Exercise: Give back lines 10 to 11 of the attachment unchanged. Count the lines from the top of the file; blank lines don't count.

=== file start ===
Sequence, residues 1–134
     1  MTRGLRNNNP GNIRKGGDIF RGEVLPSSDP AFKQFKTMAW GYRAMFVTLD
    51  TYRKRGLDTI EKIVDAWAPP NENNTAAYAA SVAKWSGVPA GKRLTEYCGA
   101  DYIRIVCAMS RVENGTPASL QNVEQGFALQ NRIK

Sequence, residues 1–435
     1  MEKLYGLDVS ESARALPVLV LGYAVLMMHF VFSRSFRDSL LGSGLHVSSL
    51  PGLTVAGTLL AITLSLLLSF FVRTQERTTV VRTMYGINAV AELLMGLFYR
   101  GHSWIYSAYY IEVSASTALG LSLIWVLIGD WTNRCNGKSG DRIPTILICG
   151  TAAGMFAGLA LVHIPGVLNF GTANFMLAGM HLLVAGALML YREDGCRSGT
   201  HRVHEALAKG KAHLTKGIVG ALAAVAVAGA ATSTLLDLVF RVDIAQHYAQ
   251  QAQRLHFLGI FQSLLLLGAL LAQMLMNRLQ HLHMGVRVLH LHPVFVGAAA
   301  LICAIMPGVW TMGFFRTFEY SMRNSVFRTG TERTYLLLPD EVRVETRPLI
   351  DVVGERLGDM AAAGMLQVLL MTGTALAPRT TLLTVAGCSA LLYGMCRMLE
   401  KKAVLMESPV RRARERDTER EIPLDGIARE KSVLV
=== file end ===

   201  HRVHEALAKG KAHLTKGIVG ALAAVAVAGA ATSTLLDLVF RVDIAQHYAQ
   251  QAQRLHFLGI FQSLLLLGAL LAQMLMNRLQ HLHMGVRVLH LHPVFVGAAA